base64 — Encode Binary Data with ASCII

Purpose:The base64 module contains functions for translating binary data into a subset of ASCII suitable for transmission using plaintext protocols.

The base64, base32, base16, and base85 encodings convert 8 bit bytes to values that fit inside the ASCII range of printable characters, trading more bits to represent the data for compatibility with systems that only support ASCII data, such as SMTP. The base values correspond to the length of the alphabet used in each encoding. There are also URL-safe variations of the original encodings that use slightly different alphabets.

Base 64 Encoding

This is a basic example of encoding some text.
import base64
import textwrap

# Load this source file and strip the header.
with open(__file__, 'r', encoding='utf-8') as input:
    raw =
    initial_data = raw.split('#end_pymotw_header')[1]

byte_string = initial_data.encode('utf-8')
encoded_data = base64.b64encode(byte_string)

num_initial = len(byte_string)

# There will never be more than 2 padding bytes.
padding = 3 - (num_initial % 3)

print('{} bytes before encoding'.format(num_initial))
print('Expect {} padding bytes'.format(padding))
print('{} bytes after encoding\n'.format(len(encoded_data)))

The input must be a byte string, so the unicode string is first encoded to UTF-8. The output shows the 185 bytes of the UTF-8 source expand to 248 bytes after being encoded.


There are no carriage returns in the encoded data produced by the library, but the output has been wrapped artificially to make it fit better on the page.

$ python3

184 bytes before encoding
Expect 2 padding bytes
248 bytes after encoding


Base 64 Decoding

b64decode() converts an encoded string back to the original form by taking four bytes and converting them to the original three, using a lookup table.
import base64

encoded_data = b'VGhpcyBpcyB0aGUgZGF0YSwgaW4gdGhlIGNsZWFyLg=='
decoded_data = base64.b64decode(encoded_data)
print('Encoded :', encoded_data)
print('Decoded :', decoded_data)

The encoding process looks at each sequence of 24 bits in the input (three bytes) and encodes those same 24 bits spread over four bytes in the output. The equal signs at the end of the output are padding inserted because the number of bits in the original string was not evenly divisible by 24, in this example.

$ python3

Encoded : b'VGhpcyBpcyB0aGUgZGF0YSwgaW4gdGhlIGNsZWFyLg=='
Decoded : b'This is the data, in the clear.'

The value returned from b64decode() is a byte string. If the contents are known to be text, the byte string can be converted to a unicode object. However, the point of using base 64 encoding is to be able to transmit binary data, and so it is not always safe to assume that the decoded value is text.

URL-safe Variations

Because the default base64 alphabet may use + and /, and those two characters are used in URLs, it is often necessary to use an alternate encoding with substitutes for those characters.
import base64

encodes_with_pluses = b'\xfb\xef'
encodes_with_slashes = b'\xff\xff'

for original in [encodes_with_pluses, encodes_with_slashes]:
    print('Original         :', repr(original))
    print('Standard encoding:',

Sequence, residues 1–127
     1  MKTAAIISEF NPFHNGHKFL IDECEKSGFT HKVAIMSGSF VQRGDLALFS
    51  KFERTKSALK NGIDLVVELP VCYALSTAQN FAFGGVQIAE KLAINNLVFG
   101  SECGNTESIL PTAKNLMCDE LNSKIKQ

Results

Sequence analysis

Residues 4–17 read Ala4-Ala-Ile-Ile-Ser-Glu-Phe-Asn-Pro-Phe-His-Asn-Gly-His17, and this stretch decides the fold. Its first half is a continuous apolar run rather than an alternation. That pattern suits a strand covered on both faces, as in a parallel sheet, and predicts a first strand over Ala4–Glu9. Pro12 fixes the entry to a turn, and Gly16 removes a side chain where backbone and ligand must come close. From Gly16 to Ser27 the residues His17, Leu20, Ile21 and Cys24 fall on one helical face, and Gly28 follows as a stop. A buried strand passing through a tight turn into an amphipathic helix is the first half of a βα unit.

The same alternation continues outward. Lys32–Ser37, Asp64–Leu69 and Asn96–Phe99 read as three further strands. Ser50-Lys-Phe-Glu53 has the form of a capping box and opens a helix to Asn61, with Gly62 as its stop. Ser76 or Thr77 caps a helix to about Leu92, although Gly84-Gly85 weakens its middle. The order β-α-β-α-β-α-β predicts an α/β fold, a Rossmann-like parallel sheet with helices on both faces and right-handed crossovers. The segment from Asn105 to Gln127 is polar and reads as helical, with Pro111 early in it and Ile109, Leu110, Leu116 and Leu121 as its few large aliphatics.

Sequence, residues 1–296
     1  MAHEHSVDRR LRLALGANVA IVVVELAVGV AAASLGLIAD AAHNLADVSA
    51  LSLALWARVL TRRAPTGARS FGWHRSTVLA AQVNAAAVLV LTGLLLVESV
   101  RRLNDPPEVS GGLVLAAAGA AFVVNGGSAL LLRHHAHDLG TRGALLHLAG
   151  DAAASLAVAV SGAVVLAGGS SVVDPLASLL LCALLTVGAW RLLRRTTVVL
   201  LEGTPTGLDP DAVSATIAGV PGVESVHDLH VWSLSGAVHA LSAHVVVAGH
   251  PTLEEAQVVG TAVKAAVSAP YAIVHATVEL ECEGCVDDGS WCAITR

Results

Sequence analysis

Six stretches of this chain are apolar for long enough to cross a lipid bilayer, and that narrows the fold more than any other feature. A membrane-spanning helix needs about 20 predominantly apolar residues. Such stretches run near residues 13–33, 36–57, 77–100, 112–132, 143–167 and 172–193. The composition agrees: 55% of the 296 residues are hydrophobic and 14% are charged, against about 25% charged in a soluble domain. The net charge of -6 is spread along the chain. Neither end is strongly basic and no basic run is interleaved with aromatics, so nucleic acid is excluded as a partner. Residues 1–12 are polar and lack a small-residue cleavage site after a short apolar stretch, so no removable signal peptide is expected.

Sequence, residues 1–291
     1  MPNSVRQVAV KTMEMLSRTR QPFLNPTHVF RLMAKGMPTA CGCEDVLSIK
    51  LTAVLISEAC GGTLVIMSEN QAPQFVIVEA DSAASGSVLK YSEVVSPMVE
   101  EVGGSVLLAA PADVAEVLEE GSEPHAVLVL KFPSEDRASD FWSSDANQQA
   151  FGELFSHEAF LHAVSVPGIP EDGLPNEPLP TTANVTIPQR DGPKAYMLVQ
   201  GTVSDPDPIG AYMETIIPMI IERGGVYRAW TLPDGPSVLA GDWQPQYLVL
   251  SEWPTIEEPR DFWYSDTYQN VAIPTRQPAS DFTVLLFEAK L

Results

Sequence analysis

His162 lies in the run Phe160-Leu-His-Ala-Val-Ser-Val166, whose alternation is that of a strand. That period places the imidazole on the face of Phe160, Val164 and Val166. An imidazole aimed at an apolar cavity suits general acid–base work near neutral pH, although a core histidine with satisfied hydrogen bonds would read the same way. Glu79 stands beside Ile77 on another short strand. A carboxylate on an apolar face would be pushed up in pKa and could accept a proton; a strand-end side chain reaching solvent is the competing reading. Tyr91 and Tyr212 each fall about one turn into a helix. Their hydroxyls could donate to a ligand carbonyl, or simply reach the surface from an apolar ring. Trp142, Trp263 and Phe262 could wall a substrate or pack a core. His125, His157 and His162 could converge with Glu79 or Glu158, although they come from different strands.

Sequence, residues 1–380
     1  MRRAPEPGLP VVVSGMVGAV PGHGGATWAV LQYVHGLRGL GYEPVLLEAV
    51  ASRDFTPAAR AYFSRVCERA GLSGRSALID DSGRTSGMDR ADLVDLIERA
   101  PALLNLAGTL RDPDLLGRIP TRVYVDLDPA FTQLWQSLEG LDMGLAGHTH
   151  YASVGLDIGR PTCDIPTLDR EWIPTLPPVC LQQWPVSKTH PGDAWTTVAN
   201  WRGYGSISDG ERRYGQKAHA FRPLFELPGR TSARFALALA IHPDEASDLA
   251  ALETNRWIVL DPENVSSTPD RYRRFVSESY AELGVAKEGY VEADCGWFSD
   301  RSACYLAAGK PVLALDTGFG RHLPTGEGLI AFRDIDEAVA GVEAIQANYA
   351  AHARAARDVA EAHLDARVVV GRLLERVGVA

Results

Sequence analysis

print('URL-safe encoding:',

The + is replaced with a -, and / is replaced with underscore (_). Otherwise, the alphabet is the same.

$ python3

Original         : b'\xfb\xef'
Standard encoding: b'++8='
URL-safe encoding: b'--8='

Original         : b'\xff\xff'
Standard encoding: b'//8='
URL-safe encoding: b'__8='

Other Encodings

Besides Base64, the module provides functions for working with Base85, Base32, and Base16 (hex) encoded data.
import base64

original_data = b'This is the data, in the clear.'
print('Original:', original_data)

encoded_data = base64.b32encode(original_data)
print('Encoded :', encoded_data)

decoded_data = base64.b32decode(encoded_data)
print('Decoded :', decoded_data)

The Base32 alphabet includes the 26 uppercase letters from the ASCII set and the digits 2 through 7.

$ python3

Original: b'This is the data, in the clear.'
Decoded : b'This is the data, in the clear.'

The Base16 functions work with the hexadecimal alphabet.
import base64

original_data = b'This is the data, in the clear.'
print('Original:', original_data)

encoded_data = base64.b16encode(original_data)
print('Encoded :', encoded_data)

decoded_data = base64.b16decode(encoded_data)
print('Decoded :', decoded_data)

Each time the number of encoding bits goes down, the output in the encoded format takes up more space.

$ python3

Original: b'This is the data, in the clear.'
Encoded : b'546869732069732074686520646174612C20696E207468652063
Decoded : b'This is the data, in the clear.'

The Base85 functions use an expanded alphabet that is more space-efficient than base 64.
import base64

original_data = b'This is the data, in the clear.'
print('Original    : {} bytes {!r}'.format(
    len(original_data), original_data))

b64_data = base64.b64encode(original_data)
print('b64 Encoded : {} bytes {!r}'.format(
    len(b64_data), b64_data))

b85_data = base64.b85encode(original_data)
print('b85 Encoded : {} bytes {!r}'.format(
    len(b85_data), b85_data))

a85_data = base64.a85encode(original_data)
print('a85 Encoded : {} bytes {!r}'.format(
    len(a85_data), a85_data))

There are several Base85 encodings and different variations are used in Mercurial, git, and the PDF file format. Python includes two implementations, b85encode() implements the version used in Git and Mercurial while a85encode() implements the Ascii85 variant used by PDF files.

$ python3

Original    : 31 bytes b'This is the data, in the clear.'
b64 Encoded : 44 bytes b'VGhpcyBpcyB0aGUgZGF0YSwgaW4gdGhlIGNsZWF
b85 Encoded : 39 bytes b'RA^~)AZc?TbZBKDWMOn+EFfuaAarPDAY*K0VR9}
a85 Encoded : 39 bytes b'<+oue+DGm>FD,5.A79Rg/0JYE+EV:.+Cf5!@<*t

See also